by Murray Fulton
In a recent post on future options for the credit union system in Canada, Dionne Pohler and I argued that to be effective and meet the needs of a wide variety of stakeholders, the new system must rely on a mix of both extrinsic and intrinsic incentives. What are these two types of incentives? And why are they important?
Extrinsic motivations are monetary rewards or penalties such as pay-for-performance schemes and financial payments for not complying with rules and regulations. Extrinsic incentives work, it is believed, because people make decisions based on the financial costs and benefits of the options they face.
Intrinsic motivations, in contrast, can be observed in the desire to undertake activities simply because they are enjoyable or because they generate satisfaction — the wish to do a job well or to undertake a task because it leads to some greater good. The mission motivation that drives the behaviour of many people is a good example of an intrinsic incentive.
While these two motivations have long been known, the general belief was that they operated independently of each other. As a consequence, extrinsic incentives could be increased without having any effect on intrinsic motivation.
Recent research, however, has shown that these two motivations are often not independent. In fact, replacing intrinsic with extrinsic incentives — as is done, for instance, in the case of pay-for-performance — can often result in a drop in the overall motivation and a reduction in the very activity that was to be encouraged. In short, there may be a crowding-out effect; introducing extrinsic incentives may have an impact exactly opposite to what was intended. In other situations, however, there can be a crowding-in effect, with extrinsic incentives supporting even greater intrinsic motivation.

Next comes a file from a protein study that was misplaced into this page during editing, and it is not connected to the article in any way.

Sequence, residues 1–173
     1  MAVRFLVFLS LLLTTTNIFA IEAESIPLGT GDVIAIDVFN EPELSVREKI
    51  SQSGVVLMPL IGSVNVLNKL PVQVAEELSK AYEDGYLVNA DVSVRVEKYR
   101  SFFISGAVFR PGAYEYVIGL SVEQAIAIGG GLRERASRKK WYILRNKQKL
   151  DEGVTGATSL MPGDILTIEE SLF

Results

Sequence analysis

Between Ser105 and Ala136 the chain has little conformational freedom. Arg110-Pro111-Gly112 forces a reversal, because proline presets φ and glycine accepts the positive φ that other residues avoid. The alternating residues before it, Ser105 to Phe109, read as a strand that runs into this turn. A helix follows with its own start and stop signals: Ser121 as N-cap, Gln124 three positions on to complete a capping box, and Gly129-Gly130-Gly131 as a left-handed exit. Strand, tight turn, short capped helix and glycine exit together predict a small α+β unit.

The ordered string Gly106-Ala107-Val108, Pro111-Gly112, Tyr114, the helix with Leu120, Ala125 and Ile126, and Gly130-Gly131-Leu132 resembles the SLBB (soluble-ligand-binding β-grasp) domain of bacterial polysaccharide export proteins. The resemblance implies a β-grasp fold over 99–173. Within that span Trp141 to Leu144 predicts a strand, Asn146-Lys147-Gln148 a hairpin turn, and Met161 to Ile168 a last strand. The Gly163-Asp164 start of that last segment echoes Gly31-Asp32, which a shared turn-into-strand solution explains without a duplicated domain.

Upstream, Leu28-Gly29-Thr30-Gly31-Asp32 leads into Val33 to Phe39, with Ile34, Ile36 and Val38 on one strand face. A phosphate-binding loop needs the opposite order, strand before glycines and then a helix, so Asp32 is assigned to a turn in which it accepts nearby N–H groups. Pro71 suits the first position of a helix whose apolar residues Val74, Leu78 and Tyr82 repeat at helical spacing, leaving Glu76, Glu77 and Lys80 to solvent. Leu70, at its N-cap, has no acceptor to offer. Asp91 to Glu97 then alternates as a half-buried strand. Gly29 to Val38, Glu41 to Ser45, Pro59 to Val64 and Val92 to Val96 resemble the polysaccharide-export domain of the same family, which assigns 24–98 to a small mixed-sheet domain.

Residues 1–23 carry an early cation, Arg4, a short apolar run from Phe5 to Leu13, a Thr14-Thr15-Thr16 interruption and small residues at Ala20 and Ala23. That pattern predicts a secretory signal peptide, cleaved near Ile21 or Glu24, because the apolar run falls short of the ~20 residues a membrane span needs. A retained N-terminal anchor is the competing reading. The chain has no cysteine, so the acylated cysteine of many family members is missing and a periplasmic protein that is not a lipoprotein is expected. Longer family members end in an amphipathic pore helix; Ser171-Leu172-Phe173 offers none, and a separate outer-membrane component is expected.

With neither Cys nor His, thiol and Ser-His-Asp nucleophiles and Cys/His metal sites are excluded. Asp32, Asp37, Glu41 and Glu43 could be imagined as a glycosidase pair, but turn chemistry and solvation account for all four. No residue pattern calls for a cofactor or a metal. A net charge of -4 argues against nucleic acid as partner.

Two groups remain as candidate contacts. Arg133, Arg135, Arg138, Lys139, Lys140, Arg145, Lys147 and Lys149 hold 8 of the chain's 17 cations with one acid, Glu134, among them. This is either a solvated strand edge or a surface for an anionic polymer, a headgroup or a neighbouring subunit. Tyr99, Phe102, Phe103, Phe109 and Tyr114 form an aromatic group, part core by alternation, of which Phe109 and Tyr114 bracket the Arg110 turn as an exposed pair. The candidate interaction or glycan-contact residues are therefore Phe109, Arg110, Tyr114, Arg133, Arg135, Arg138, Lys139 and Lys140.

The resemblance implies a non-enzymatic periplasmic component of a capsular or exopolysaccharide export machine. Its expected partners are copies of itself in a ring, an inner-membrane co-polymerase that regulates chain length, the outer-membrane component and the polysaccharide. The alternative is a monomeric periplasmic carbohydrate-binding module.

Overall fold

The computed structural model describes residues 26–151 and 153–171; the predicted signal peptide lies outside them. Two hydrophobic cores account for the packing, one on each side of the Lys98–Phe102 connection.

The roots of the crowding out/in effect are psychological and are based on the idea that extrinsic incentives represent a shift in control to factors external to the decision maker. If this shift is perceived as controlling, then the decision maker’s self-esteem and self-determination are eroded, and intrinsic motivation is reduced due to a perceived lack of personal agency. The result is crowding out. In contrast, if the extrinsic incentives are perceived as supportive, self-esteem and self-determination rise, and intrinsic motivation increases because of the perceived growth in personal agency.
One example of the crowding-out effect is the not-in-my-backyard problem, or NIMBY as it is often called. In a study of public attitudes towards building a nuclear waste repository in Switzerland, it was found that support dropped sharply when residents were told they would be compensated financially if it was built in their area. In this case, the extrinsic incentive eroded people’s intrinsic motivation to do their public duty and accept the facility.
Crowding-in and crowding-out effects are likely to be important in credit unions and co-ops because of the significant role that mission orientation plays in these organizations. Mission orientation shows up in the motivation of managers and CEOs, in the policies adopted by credit unions, in the decisions of people to form co-operatives, and in the efforts members make to support and contribute to their co-op or credit union. A future blog post will explore the role of crowding in and crowding out in a number of these examples.
Frey, Bruno S., and Felix Oberholzer-Gee. 1997. “The Cost of Price Incentives: An Empirical Analysis of Motivation Crowding-Out.” American Economic Review 87 (4): 746–55.
Frey, Bruno S., and Reto Jegen. 2001. “Motivation Crowding Theory.” Journal of Economic Surveys 15 (5): 589–611.
Image credit: Wikiversity. “High-risk business motivation: What motivates people to engage in high-risk business decisions?” Online at https://en.wikiversity.org/wiki/Motivation_and_emotion/Book/2015/High-risk_business_motivation. Last modified 23 November 2015. Accessed 11 February 2017.
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